Some writers are like doctors. They have the stuff you need right when you need it most. Tom Pitts is an author like that. Having read American Static at a time when I was thirsty for a blast of literary danger, the book was like the tall beer Tom’s holding in his author photo. It hit the spot.What starts as a deadly, and compelling, crime thriller; American Static soons takes on a darker twist. The story unfolds to reveal murderous political intrigue, a savage quest for the truth, and weaves in a sweet love story – albeit in a surprising way.
When I got a chance to sit down with Tom, the first thing on my mind was all the great characters sprinkled throughout the book, so I started there…
PATRICK WHITEHURST: You have Quinn, Carl, Tremblay, Steven, Teresa, and a cast of others, nearly all a bit shady. How did you keep them straight?
TOM PITTS: If you’re referring to the juggling of POVs, it’s the only way I see the whole picture. It’s more than just a third-person perspective, it’s a lens through which we can see each character’s motivations. I took this idea a little further than in my last novel, Hustle. And I think the result is a faster moving, more exciting ride.
As far as them being shady, to be fair, kindly ol’ Carl ain’t too shady. But all characters—just like people—come in varying shades of grey. They just aren’t black or white. Mind you, some are blacker than others. I think even the most evil motherfucker in the world still likes a chuckle now and again, still likes to sit down and watch Bob’s Burgers, you know?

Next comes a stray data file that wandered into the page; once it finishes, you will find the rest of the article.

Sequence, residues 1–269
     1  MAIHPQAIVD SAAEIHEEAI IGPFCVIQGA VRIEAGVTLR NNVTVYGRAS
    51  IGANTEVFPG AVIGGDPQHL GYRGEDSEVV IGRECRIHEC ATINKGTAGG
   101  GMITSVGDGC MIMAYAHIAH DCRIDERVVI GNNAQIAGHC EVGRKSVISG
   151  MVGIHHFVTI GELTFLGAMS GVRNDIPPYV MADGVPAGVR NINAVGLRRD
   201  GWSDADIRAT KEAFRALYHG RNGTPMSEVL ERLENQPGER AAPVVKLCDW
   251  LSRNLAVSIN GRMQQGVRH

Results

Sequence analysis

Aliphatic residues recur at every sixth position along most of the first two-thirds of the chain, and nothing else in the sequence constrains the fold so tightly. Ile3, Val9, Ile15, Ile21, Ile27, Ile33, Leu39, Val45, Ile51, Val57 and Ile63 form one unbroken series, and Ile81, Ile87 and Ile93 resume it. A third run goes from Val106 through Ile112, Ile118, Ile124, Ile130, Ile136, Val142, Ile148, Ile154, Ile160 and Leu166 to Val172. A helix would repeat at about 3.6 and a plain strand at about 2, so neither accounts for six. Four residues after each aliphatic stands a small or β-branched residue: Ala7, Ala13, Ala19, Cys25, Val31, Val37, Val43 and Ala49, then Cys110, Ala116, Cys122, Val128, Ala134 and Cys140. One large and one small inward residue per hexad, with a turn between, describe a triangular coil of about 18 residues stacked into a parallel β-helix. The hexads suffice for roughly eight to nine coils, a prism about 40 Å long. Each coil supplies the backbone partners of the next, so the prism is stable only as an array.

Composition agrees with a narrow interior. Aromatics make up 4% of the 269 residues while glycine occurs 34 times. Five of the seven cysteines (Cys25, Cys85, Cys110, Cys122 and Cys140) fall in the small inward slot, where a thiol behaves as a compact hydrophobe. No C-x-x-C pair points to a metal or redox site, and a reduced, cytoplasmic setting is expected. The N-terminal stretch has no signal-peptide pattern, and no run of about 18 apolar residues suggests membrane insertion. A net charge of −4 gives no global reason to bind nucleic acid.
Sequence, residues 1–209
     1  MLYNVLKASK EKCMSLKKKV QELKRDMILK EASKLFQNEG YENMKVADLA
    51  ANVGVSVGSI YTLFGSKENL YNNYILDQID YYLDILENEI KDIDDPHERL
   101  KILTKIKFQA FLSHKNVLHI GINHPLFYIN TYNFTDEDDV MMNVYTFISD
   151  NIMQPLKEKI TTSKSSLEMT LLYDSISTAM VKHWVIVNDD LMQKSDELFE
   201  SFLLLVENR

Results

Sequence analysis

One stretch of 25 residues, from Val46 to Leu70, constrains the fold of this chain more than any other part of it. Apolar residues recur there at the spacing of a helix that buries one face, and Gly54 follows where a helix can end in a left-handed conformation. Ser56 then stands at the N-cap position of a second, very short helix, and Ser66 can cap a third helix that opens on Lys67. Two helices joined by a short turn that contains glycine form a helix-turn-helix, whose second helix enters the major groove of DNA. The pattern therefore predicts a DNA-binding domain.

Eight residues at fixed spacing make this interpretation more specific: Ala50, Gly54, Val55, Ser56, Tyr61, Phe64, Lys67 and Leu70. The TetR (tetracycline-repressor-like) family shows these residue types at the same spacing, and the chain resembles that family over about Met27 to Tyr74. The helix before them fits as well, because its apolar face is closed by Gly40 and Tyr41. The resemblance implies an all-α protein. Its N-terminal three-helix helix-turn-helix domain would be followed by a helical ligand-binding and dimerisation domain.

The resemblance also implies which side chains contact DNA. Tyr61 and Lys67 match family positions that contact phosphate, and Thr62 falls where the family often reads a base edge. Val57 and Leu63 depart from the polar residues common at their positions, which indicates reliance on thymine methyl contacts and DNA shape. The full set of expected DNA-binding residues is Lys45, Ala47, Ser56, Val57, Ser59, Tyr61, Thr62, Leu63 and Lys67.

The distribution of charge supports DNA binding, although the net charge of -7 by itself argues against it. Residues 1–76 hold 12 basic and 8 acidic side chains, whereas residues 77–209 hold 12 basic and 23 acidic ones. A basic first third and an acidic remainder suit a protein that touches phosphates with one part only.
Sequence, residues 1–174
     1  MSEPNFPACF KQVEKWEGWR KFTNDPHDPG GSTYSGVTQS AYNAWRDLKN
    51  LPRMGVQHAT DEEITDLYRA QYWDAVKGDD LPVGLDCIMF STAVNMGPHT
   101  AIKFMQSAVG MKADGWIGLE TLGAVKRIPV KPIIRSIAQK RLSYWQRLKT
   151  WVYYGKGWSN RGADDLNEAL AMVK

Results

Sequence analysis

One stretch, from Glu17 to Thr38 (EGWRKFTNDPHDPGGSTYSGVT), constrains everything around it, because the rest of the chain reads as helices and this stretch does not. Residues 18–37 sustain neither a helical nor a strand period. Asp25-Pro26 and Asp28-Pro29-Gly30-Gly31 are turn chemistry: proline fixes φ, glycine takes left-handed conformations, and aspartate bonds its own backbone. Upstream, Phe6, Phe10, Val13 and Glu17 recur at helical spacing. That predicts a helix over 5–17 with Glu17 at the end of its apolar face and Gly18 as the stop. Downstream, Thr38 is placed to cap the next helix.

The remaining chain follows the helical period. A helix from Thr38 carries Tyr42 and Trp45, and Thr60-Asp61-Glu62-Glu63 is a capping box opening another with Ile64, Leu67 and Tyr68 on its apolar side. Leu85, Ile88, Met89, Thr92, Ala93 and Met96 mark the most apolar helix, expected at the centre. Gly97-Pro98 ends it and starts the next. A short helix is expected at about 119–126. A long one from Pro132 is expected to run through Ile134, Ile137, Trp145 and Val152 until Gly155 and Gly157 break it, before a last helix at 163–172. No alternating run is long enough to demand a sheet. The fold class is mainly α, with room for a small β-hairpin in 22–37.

WHITEHURST: You’re knocking back a few at the bar and some dude asks you to describe American Static. What do you tell him?
PITTS: I tell ‘em it’s a devil-at-the-crossroads kind of tale. That’s what Quinn is. He’s that intoxicating, charismatic devil that’ll take you on a fast ride to hell.
WHITEHURST: When you gaze at the stars, thinking wistfully on those glorious days spent writing the book, what stands out? What part of American Static really turned you on?
PITTS: I was on a roll after Hustle. I marched forward on this one full of cocky confidence. The plot unfolded and the puzzle presented itself to me perfectly. I love that feeling when the pieces fit together. What I remember most—when I put together the political backstory that’s the impetus for the events—is jumping up from the keyboard and yelling Yes!
WHITEHURST: What can you tell us about an audiobook?